DEFINITION of 'Compulsory Convertible Debenture - CCD'

Compulsory Convertible Debenture (CCD) is a type of debenture in which the whole value of the debenture must be converted into equity by a specified time. A CCD can be classified as a hybrid security, meaning it is neither considered pure debit nor pure equity.

BREAKING DOWN 'Compulsory Convertible Debenture - CCD'

A debenture is a medium- to long-term debt security issued by companies to borrow money from investors at a fixed interest rate, though they are not secured by physical assets or collateral. These instruments are only backed by the full faith and credit of the issuing company. In effect, an unsecured corporate bond is a debenture. Debenture holders receive interest payments periodically, and are repaid their principal investment at maturity.

A debenture comes in two forms – non-convertible and convertible. A non-convertible debenture is one that cannot be converted into the equity shares of the issuing company. Since there’s no convertibility feature on these types of debentures, the interest rate attached to them is higher than convertible debentures. Convertible debentures, on the other hand, can be converted into the company’s equity after a predetermined period of time. Since there is a perceived advantage of converting these fixed income securities into an ownership stake in the firm, investors are willing to accept a lower interest rate for purchasing convertible debentures.

One form of convertible debentures is the compulsory convertible debentures (CCD). The main difference between compulsory convertible debentures and other convertible securities is that owners of the CCD must convert their debentures into equity, whereas in other types of convertible securities, the owners of the debenture are given the option to convert. Debenture holders have no rights to vote in the company's general meetings of shareholders, but once the compulsory convertible debenture is converted into equity shares, the debenture holders automatically become shareholders in the company and acquire all the rights of shareholders.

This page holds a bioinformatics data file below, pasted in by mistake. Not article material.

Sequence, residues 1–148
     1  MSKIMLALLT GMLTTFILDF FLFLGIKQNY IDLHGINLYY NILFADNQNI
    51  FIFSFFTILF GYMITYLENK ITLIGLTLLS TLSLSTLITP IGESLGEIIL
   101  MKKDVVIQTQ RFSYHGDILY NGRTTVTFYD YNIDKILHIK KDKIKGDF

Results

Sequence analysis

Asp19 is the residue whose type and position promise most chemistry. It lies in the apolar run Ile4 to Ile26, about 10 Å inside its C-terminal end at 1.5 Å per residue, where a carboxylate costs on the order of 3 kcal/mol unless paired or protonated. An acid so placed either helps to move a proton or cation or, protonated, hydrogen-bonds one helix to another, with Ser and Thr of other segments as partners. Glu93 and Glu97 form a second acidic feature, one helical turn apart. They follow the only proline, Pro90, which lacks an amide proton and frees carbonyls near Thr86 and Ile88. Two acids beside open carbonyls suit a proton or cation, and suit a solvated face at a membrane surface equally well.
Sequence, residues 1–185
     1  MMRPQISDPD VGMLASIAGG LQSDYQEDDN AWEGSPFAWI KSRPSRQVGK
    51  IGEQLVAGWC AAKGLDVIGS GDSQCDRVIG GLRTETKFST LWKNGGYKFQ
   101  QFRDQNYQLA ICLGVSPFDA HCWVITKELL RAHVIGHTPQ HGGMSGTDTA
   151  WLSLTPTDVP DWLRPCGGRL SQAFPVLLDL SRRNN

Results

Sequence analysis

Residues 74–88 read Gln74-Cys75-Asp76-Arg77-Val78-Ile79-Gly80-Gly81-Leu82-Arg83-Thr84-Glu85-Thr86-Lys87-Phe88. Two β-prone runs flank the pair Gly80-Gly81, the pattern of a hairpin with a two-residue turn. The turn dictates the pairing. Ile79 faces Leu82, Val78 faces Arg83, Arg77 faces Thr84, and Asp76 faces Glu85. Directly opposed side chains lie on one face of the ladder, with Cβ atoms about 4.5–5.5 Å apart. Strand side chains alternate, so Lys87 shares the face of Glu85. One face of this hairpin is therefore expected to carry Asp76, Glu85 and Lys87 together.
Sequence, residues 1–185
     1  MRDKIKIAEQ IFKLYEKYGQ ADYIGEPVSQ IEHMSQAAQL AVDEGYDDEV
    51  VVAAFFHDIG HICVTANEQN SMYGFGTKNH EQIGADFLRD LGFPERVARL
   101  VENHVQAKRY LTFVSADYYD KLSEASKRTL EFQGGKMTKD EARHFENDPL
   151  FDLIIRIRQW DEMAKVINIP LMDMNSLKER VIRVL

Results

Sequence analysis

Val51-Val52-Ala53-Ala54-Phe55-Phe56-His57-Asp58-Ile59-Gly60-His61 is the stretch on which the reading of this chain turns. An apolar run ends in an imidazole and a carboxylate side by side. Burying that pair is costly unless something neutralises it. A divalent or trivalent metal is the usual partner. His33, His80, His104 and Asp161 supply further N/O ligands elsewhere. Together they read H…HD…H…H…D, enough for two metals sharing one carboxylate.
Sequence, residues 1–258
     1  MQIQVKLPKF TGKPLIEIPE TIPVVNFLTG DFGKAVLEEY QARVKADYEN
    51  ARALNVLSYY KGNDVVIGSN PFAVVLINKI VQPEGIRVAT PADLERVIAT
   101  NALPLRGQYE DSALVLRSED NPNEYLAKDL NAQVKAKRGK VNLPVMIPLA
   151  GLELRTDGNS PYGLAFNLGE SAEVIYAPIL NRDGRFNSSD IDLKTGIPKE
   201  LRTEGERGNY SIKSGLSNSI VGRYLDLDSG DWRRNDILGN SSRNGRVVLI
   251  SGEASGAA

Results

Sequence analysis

The compulsory conversion of debentures to equity is, in fact, a method used by a company to pay off its debt by paying its debenture holders in kind, that is, equity. The payment in kind consists of repayment of principal and payment of interest. There are two types of conversion prices. The first conversion price would limit the price to the equivalent of the security’s par value back in shares. The second would delimit where the investor will earn more than par. The compulsory convertible debenture's ratio of conversion is decided by the issuer when the debenture is issued. The conversion ratio is the number of shares each debenture converts into, and may be expressed per bond or on a per centum (per 100) basis.

Some CCDs, which are usually considered equity, are structured in a manner that makes them more like debt. Often, the investor has a put option which requires the issuing companies to buy back shares at a fixed price. Unlike pure debt issues, such as corporate bonds, compulsory convertible debentures do not pose a credit risk later for the company issuing them since they eventually convert to equity. In addition, CCDs also mitigate some of the downward pressure a pure equity issuance would place on the underlying stock since they are not immediately converted to shares.

  1. Partially Convertible Debenture ...

    A partially convertible debenture is a type of convertible debenture, ...
  2. Debenture Redemption Reserve

    A debenture redemption reserve is a provision that states that ...
  3. Convertible Hedge